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Keystone XL & $5.00 Gasoline


An email from 350.org warns that the Keystone XL pipeline project is already being revived. You can sign a petition against that action here. While we follow the unfortunate death of Whitney Houston or the trial from the unfortunate death of Yeardley Love, or even the GOP Primary follies, oil interests are trying to pull a fast one:

Senate Trying To Sneak The Keystone XL Pipeline Onto Obama's Desk Through An Unrelated Bill

After last month's decision by the Obama administration to reject the 1,700-mile-route of the Keystone XL Pipeline, Republican lawmakers are trying to revive the controversial project by attaching it to transportation legislation.
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DC Auto Prototype Show

"It's a prototype; it's not supposed to work. That's why they call it a prototype." - Texas Rangers (2001)

Getting to the DC Auto Show was easy. I drove South on I-95, parked at Greenbelt metro station, then took the green line seven or eight stops to the Mt Vernon Square / Convention Center station. I walked from the station into the convention center just as the show opened. Toyota had a Ride & Drive booth near the ticket area, so I scanned my driver's license and quickly found myself getting into a Prius v - which is called an extended hatchback wagon, but just looks like a longer Prius.
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Obama attends DC Auto Show (before me)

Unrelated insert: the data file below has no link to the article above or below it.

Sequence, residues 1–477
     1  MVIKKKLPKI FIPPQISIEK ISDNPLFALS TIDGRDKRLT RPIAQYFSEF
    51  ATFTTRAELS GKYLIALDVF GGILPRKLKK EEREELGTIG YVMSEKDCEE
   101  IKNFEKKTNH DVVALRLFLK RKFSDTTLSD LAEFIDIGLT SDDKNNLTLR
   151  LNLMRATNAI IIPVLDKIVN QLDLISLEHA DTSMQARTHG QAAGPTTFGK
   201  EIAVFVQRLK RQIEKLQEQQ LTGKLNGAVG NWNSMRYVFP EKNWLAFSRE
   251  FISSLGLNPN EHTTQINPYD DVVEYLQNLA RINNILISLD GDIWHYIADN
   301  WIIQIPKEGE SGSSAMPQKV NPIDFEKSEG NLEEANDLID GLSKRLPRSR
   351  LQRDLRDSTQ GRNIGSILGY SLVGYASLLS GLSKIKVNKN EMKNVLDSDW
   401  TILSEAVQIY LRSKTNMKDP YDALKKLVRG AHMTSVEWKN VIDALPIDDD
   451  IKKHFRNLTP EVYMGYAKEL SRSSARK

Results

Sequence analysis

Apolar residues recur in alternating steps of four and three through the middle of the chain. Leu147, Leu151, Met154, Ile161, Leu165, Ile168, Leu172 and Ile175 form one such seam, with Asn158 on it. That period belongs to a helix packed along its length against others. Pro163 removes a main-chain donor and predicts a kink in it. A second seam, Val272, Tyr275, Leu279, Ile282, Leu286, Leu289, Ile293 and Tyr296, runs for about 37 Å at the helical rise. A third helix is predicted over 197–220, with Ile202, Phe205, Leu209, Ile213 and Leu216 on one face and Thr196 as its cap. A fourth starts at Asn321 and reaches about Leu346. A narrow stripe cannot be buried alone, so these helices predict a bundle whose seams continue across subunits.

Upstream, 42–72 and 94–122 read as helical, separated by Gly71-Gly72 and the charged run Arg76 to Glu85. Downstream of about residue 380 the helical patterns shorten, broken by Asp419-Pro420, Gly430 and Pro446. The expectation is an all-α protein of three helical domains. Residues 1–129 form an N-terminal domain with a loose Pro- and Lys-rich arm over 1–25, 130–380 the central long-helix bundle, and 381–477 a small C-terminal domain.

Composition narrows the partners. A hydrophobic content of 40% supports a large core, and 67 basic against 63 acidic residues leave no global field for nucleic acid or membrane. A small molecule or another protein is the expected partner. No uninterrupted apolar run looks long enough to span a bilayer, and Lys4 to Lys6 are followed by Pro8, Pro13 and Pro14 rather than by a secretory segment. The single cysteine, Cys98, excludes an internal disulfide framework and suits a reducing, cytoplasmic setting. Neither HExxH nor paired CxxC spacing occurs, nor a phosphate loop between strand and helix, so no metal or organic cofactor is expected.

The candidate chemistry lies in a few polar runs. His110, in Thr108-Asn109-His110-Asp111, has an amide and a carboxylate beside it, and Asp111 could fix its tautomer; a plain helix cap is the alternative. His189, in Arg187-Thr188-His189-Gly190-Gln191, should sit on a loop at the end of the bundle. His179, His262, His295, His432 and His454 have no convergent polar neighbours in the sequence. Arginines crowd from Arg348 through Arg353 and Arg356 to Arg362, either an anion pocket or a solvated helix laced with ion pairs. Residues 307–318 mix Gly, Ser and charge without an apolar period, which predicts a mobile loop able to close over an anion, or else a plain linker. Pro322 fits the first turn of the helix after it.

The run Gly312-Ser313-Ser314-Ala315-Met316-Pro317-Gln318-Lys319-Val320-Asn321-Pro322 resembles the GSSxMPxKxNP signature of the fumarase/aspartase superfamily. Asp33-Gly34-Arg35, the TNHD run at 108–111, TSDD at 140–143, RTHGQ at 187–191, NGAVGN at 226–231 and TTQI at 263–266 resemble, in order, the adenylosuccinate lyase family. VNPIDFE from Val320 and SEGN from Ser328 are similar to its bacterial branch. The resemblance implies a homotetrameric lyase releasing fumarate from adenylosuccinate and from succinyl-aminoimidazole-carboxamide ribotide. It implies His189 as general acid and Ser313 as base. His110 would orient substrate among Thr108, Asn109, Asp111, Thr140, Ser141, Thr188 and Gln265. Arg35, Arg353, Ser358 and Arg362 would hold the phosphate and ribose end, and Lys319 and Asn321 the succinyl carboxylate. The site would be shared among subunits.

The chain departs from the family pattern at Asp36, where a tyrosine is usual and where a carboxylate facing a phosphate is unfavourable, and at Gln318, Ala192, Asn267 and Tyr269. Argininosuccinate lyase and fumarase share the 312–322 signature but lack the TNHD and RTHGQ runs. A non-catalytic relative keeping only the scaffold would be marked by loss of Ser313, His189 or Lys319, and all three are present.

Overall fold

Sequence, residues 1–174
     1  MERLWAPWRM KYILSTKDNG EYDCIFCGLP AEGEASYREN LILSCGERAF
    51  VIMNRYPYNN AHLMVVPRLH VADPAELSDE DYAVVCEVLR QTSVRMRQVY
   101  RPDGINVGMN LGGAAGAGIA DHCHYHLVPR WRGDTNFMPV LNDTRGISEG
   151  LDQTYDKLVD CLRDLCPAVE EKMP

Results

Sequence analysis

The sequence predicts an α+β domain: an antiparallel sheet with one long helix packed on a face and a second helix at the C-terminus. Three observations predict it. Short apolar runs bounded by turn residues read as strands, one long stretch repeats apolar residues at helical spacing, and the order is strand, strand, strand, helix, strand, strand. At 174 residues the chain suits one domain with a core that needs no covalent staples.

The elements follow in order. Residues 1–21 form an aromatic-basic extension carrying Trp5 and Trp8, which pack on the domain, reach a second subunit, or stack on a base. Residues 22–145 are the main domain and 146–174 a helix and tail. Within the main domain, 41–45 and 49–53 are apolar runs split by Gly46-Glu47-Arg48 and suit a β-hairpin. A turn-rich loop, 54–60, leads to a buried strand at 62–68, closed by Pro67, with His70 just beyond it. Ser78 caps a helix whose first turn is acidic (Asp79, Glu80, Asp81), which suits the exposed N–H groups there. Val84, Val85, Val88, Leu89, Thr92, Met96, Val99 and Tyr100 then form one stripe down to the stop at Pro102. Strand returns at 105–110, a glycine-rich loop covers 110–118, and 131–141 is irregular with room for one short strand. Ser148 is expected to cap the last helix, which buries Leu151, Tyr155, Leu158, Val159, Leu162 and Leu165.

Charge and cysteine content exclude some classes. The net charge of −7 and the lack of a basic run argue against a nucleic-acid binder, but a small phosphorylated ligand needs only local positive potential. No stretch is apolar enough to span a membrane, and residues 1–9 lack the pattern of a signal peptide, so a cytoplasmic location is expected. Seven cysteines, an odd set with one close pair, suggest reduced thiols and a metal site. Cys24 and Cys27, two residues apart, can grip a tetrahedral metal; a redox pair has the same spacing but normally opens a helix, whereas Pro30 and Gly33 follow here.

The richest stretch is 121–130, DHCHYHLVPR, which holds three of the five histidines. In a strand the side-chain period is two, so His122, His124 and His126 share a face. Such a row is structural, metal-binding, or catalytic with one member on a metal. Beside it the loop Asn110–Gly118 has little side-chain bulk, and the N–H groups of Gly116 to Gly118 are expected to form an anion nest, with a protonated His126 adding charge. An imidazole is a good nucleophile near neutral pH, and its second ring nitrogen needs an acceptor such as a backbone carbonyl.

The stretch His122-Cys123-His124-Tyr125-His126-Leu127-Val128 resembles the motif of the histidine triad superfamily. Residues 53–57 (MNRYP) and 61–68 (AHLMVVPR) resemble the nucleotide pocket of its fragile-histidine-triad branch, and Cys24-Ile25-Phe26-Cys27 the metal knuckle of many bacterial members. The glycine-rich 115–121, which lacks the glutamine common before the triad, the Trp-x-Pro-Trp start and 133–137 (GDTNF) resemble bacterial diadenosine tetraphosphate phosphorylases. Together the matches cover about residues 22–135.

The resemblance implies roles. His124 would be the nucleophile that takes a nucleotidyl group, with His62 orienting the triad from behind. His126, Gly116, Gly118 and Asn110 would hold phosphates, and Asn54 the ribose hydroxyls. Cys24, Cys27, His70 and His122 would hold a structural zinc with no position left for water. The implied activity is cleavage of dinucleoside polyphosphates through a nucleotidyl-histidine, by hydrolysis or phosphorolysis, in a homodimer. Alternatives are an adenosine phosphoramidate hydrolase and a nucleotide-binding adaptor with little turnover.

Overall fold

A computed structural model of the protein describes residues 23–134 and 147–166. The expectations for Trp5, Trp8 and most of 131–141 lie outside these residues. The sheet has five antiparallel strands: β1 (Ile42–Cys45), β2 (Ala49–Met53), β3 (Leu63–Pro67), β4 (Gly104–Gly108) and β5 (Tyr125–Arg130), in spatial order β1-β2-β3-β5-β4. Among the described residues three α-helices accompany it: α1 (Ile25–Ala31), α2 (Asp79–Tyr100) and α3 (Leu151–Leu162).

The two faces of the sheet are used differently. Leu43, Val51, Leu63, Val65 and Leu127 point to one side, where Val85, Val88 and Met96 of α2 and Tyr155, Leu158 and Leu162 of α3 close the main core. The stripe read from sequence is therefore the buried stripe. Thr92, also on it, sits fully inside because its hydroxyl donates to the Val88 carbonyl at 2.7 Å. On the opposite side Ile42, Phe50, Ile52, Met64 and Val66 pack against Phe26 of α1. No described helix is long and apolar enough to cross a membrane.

I stopped by Light Street Cycles today to buy a brighter taillight. The weather's been so unseasonably warm that I'm riding to the light rail, but it's really dark in the morning. The owner showed me all sorts of rechargeable blinkies, and I bought a Knog Boomer. I also signed a petition to complain about building a new street with no bike lanes right next to two college campuses, UMB & MICA. Then I told the owner that I was planning on visiting the Washington Auto Show tomorrow, and being a bike person, she looked puzzled. When I told her I wanted to see the Leaf, she seemed satisfied.
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Endurance Topspin

The promoters of the Australian Open should be awfully pleased. Often—too often—the women's final in a major is a dud. Usually the semis are better matches, and one player freezes up to play a bad match in the final. But even though the 2012 women's final was a 6-3, 6-0 rout, a new Number One was crowned, and the match wasn't completely awful. Maria Sharapova wasn't dumping serves into the net, was returning well, and hit a few winners—she was simply led into a boatload of errors. The NY Times' Straight Sets blog offered the theory that Victoria Azarenka won mostly because she hit with more topspin than Sharapova. Even though she obviously does hit with topspin, Sharapova is considered a flat hitter in the modern game. My feeling was that Azarenka covered the court a lot better than Sharapova, while hitting the ball just as powerfully (and shrieking just as loudly).

The men's semifinals were excellent, and the final may be one for the ages. The Atlantic speculates that this final may portend the new look of men's tennis: as an endurance sport. Even given that both Novak Djokovic and Rafael Nadal took a lot of time between points, the match took almost six hours, and many of the points involved over twenty shots, even thirty shots. A popular tennis coach once noted that, statistically speaking, for the average player the point will end on the next shot. For these guys, it seems that no matter how well they hit the ball, the point will go on at least another six shots. Part of that is because the tennis authorities have slowed down the courts, and part of that is because these guys are very fast and very fit, and part is because they are hitting with extremely exaggerated topspin.